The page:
17 May 2019

Mission control 'saves science'

Every minute, ESA’s Earth observation satellites gather dozens of gigabytes of data about our planet – enough information to fill the pages on a 100-metre long bookshelf. Flying in low-Earth orbits, these spacecraft are continuously taking the pulse of our planet, but it’s teams on the ground at ESA’s Operations Centre in Darmstadt, Germany, that keep our explorers afloat.

Source: ESA news

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17 May 2019

Satellites yield insight into not so permanent permafrost

Ice is without doubt one of the first casualties of climate change, but the effects of our warming world are not only limited to ice melting on Earth’s surface. Ground that has been frozen for thousands of years is also thawing, adding to the climate crisis and causing immediate problems for local communities.

Source: ESA news

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16 May 2019
16 May 2019

Take a deep breath


With air pollution a global concern, satellites provide vital information about air quality to help understand how to keep our planet breathable
Source: ESA news

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16 May 2019

The air we breathe

Air pollution is a global environmental health problem, especially for those living in urban areas. Not only does it negatively impact our ecosystems, it considerably affects our health. According to the World Health Organization (WHO), around 8 million premature deaths per year are linked to air pollution, more than double of previous estimates.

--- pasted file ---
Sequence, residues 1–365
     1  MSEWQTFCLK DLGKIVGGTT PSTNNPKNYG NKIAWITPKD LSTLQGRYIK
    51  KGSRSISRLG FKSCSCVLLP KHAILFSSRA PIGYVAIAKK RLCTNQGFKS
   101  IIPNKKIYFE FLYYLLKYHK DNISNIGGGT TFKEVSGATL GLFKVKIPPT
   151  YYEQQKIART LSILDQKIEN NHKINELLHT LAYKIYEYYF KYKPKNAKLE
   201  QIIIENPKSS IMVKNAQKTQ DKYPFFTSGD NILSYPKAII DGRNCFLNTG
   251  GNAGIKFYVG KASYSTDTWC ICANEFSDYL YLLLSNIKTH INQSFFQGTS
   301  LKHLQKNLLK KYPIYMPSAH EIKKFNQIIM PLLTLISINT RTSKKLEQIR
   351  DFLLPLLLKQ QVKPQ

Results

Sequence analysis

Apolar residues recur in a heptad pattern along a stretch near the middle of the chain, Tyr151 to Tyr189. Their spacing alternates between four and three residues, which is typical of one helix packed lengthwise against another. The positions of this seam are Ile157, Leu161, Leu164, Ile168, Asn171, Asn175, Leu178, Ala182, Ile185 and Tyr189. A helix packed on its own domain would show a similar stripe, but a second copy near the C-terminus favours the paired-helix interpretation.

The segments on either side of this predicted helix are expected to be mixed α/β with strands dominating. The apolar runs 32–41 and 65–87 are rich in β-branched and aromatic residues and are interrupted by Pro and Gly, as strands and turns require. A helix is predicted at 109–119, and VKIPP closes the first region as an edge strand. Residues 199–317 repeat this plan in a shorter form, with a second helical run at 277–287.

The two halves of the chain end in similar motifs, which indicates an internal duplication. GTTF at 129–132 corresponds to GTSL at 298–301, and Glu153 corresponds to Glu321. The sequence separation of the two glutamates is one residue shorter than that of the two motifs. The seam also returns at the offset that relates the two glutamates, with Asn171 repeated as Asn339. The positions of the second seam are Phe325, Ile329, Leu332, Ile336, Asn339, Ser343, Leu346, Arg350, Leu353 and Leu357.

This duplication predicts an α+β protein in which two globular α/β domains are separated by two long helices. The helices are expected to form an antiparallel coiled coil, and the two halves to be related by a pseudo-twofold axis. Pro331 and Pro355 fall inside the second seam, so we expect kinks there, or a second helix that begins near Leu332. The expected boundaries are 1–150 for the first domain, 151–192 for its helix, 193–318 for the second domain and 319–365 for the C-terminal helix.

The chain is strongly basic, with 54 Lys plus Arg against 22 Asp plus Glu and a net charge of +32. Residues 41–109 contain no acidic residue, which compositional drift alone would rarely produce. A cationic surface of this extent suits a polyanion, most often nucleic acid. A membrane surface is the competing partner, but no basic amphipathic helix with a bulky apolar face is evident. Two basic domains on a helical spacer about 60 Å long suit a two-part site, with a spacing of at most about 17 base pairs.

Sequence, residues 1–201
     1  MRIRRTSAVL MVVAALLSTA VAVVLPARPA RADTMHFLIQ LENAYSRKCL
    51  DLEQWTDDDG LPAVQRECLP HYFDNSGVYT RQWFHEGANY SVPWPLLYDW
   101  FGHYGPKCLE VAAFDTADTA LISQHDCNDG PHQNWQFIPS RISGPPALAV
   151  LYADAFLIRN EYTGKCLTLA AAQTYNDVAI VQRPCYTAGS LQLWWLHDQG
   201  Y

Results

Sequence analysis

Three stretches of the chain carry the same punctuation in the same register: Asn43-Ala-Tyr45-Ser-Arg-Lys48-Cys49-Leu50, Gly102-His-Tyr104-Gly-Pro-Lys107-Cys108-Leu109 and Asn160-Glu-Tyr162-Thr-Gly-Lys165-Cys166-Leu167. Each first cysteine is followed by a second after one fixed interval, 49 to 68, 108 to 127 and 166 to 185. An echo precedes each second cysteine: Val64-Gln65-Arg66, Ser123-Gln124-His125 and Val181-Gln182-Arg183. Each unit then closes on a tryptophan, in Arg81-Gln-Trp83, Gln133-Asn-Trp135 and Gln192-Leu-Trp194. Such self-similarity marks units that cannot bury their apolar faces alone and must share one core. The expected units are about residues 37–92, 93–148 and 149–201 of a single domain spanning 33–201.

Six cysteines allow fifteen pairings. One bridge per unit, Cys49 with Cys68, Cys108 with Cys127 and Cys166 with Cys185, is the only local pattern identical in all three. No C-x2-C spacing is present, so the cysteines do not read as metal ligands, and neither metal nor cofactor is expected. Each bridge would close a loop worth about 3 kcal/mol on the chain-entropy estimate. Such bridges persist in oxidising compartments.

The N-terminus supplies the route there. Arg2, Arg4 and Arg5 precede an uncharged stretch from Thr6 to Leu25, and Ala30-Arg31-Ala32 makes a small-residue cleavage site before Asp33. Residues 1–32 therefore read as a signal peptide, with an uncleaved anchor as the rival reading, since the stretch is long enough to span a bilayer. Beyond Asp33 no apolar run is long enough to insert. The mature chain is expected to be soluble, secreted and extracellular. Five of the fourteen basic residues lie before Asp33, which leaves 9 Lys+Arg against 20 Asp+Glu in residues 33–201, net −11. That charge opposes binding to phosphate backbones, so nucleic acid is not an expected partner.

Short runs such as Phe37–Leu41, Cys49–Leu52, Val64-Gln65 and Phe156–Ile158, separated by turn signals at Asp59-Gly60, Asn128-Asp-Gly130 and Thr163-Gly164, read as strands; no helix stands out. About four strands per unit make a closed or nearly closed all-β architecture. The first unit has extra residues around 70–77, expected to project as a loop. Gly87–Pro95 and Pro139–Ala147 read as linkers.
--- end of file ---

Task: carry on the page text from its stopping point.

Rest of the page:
Source: ESA news

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16 May 2019
15 May 2019
15 May 2019

Reprogrammable satellite takes shape

The payload and platform of the first European satellite that can be completely reprogrammed after launch have been successfully joined together.

The assembly of Eutelsat Quantum took place in the Airbus facility in Toulouse, France, on 10 May.

Source: ESA news

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15 May 2019

3D Earth in the making

A thorough understanding of the ‘solid Earth’ system is essential for deciphering the links between processes occurring deep inside Earth and those occurring nearer the surface that lead to seismic activity such as earthquakes and volcanic eruptions, the rise of mountains and the location of underground natural resources. Thanks to gravity and magnetic data from satellites along with seismology, scientists are on the way to modelling inner Earth in 3D.

Source: ESA news

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15 May 2019

Proba-V is six


Technology image of the week: the snow-capped peaks of New Zealand’s South Island, taken by ESA’s Earth-observing minisatellite, into its sixth year in orbit
Source: ESA news

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